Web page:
Sunday, July 6, 2008

Iron on the Fire

You can keep your Calphalon pans and your tricked-out Wolf range, your All-Clad and Viking, all your high-tech non-stick dual-fuel convection-roasted induction-grilled modern nonsense.

Give me a campfire and a cast iron skillet. And I will not make you wieners and beans. And I will not heat up a can of Dinty Moore. If I make pancakes...well, I'd let Mary do that.

What I will make with that most basic of kitchens is my very most favorite kind of food, dishes possessed of...what would I call it? Primordial elegance and savor. That says it pretty well.

We've been enjoying lots of campfire skillet meals this summer while camping on the land we purchased in Wisconsin last winter. "Leap Day Folly," "Le Val d'Hiver," "Woodtick Acres"--the land has tried on quite a few titles since we closed the deal on February 29. Now we just call it "The Orchard," for the 60-plus neglected, but still producing, apple trees scattered over the land in a not-very-orchard-like arrangement (we keep finding new apple trees back in the bush, with brambles, thorn trees, birch and poplar grown up around them). But even at home, with all the modern conveniences and some pretty nice equipment (All-Clad and Magna-Lite; Dacor), we still cook this way quite often.
Here's our outdoor kitchen, dining room, and cocktail lounge:

What I particularly like about this method is that the meat, seared directly over the coals, has all the smoky campfire char you want, but it finishes cooking in the pan, so the juices that would be lost to the coals annoint the vegetables, and everything comingles with the herbs and spices, the garlic and onion, etc.. In the end it's a one-dish meal cooked all or mostly outdoors--an excellent thing for a warm summer evening.

For the meal pictured here we used these vegetables, all from the market or our garden:

Baby turnips
New potatoes
Young kale, mustard, and turnip greens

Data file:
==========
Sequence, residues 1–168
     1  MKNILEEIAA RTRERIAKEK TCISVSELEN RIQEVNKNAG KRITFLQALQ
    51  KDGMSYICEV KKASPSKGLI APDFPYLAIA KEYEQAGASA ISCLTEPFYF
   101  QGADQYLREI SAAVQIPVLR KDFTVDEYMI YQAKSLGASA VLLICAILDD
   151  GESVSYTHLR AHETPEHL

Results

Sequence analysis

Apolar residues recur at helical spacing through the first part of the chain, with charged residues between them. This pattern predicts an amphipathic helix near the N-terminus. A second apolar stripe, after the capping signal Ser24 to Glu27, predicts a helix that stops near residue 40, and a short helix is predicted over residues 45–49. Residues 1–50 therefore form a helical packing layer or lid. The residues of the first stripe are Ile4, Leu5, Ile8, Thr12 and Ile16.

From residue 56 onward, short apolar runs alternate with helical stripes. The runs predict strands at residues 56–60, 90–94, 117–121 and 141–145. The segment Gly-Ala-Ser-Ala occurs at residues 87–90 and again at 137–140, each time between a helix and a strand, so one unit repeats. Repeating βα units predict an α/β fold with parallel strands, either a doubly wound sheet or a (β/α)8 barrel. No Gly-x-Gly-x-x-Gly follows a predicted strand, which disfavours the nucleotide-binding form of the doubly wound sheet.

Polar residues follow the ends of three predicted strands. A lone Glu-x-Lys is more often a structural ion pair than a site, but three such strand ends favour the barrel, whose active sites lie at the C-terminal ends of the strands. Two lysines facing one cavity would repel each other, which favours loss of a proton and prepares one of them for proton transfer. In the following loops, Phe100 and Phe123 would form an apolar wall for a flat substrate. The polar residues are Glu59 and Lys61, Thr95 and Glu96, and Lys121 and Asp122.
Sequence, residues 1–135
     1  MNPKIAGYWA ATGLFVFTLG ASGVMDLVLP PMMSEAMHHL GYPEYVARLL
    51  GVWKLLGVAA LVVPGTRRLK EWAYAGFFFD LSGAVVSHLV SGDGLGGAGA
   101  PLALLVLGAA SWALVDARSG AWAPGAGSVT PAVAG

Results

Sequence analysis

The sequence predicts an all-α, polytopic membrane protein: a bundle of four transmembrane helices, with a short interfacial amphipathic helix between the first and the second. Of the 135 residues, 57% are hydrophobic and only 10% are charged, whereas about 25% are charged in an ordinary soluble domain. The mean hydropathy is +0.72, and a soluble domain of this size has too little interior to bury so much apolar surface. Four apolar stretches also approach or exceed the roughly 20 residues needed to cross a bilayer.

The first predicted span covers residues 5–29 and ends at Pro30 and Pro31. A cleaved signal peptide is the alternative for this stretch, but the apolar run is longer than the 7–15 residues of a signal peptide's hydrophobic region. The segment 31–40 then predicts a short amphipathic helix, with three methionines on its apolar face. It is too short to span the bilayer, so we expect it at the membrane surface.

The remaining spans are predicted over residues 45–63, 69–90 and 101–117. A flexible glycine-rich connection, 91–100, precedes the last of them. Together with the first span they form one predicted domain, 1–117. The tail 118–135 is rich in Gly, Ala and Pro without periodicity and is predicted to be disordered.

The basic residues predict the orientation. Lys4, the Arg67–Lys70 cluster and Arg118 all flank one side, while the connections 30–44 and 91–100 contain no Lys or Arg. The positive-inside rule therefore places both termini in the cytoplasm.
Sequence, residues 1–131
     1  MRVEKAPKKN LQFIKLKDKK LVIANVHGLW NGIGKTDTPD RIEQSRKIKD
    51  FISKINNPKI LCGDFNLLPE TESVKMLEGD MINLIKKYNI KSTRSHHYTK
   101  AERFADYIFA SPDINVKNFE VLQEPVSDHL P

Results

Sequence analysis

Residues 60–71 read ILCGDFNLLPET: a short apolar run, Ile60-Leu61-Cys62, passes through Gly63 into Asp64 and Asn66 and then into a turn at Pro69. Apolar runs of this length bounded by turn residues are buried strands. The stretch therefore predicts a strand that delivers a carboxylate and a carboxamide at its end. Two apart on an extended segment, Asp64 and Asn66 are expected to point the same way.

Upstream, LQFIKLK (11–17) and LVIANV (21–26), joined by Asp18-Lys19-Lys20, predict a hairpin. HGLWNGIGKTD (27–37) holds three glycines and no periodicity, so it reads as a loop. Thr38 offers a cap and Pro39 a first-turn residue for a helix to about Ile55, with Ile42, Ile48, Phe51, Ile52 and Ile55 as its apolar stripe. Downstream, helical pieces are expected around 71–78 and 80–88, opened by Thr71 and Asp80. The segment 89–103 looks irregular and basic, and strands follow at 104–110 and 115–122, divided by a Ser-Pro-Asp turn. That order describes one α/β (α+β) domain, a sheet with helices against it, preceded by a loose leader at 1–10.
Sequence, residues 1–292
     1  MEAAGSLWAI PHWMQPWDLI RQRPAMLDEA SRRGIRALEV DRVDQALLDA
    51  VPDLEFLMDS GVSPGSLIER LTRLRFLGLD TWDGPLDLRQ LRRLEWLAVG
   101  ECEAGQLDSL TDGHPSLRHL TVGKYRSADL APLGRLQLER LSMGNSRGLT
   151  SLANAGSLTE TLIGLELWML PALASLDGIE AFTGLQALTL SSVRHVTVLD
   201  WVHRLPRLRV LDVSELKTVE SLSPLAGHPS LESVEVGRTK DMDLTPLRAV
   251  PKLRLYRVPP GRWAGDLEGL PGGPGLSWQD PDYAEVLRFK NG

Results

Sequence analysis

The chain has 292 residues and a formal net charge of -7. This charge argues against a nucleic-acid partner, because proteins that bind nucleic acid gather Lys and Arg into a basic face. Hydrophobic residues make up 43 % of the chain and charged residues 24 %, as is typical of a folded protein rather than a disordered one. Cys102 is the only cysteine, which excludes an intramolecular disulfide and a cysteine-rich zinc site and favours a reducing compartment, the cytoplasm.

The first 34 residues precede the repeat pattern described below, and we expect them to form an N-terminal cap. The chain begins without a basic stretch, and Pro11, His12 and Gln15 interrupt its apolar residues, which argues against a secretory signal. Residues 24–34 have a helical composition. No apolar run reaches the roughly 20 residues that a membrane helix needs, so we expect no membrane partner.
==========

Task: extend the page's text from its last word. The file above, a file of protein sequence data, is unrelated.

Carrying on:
Green garlic
Spring onions

We halved and blanched the turnips and potatoes for maybe five minutes in boiling water, 'til they're barely tender. We put the skillet on the grill and added some oil, then the onion and garlic, the turnips and potatoes, then the greens. When the greens were wilted and the roots starting to brown, we set the skillet aside and turned to the meat.

These are lamb sirloin chops that were marinated in a little olive oil, thyme, green garlic, salt and pepper. We grilled them for four or five minutes a side, to brown them nicely but not cook them through. Then we nestled them into the pan with the vegetables and let it all cook together, turning the meat and stirring the vegetables a couple of times, for another ten minutes. We plated it up, deglazed the pan with a slosh of red wine and swirled in a little butter for a very simple pan sauce. Voila:

Just because you're eating outdoors, there's no reason to be deprived of all that civilization has given us.

A wood fire is the ideal heat source for cooking in cast iron, which is great at holding heat but doesn't conduct it all that evenly. With the coals spread out beneath the skillet you get really even heat and great browning with little danger of burning.

On the second night of this particular outing we seared some country-style pork ribs over the coals and finished cooking them with a white bean and vegetable stew we made mostly at home.

We do fish this way, as well (WARNING! Very non-local--for Minnesota or Wisconsin--ingredients ahead): Sear a piece of salmon, halibut, or striped bass over the coals, add to the cast iron skillet where, with some lardons of good bacon, onions or leeks and garlic have been sweating, and where a few clams and/or mussels have opened in a splash of white wine. Grill some asparagus, some chard or summer squash, chop up the veg and toss them in at the last. Of course you could use a local fish like walleye, whitefish, or lake trout, and we certainly have. But edible shellfish are not so common in our local waters.

This is also THE WAY to make paella. I'll devote a whole post to that later. Right now Mary is packing the car and we're trying to get out of town, headed for the orchard, of course. The cast iron skillet is seasoned, packed, and ready to cook.

Text and photos copyright 2008 by Brett Laidlaw

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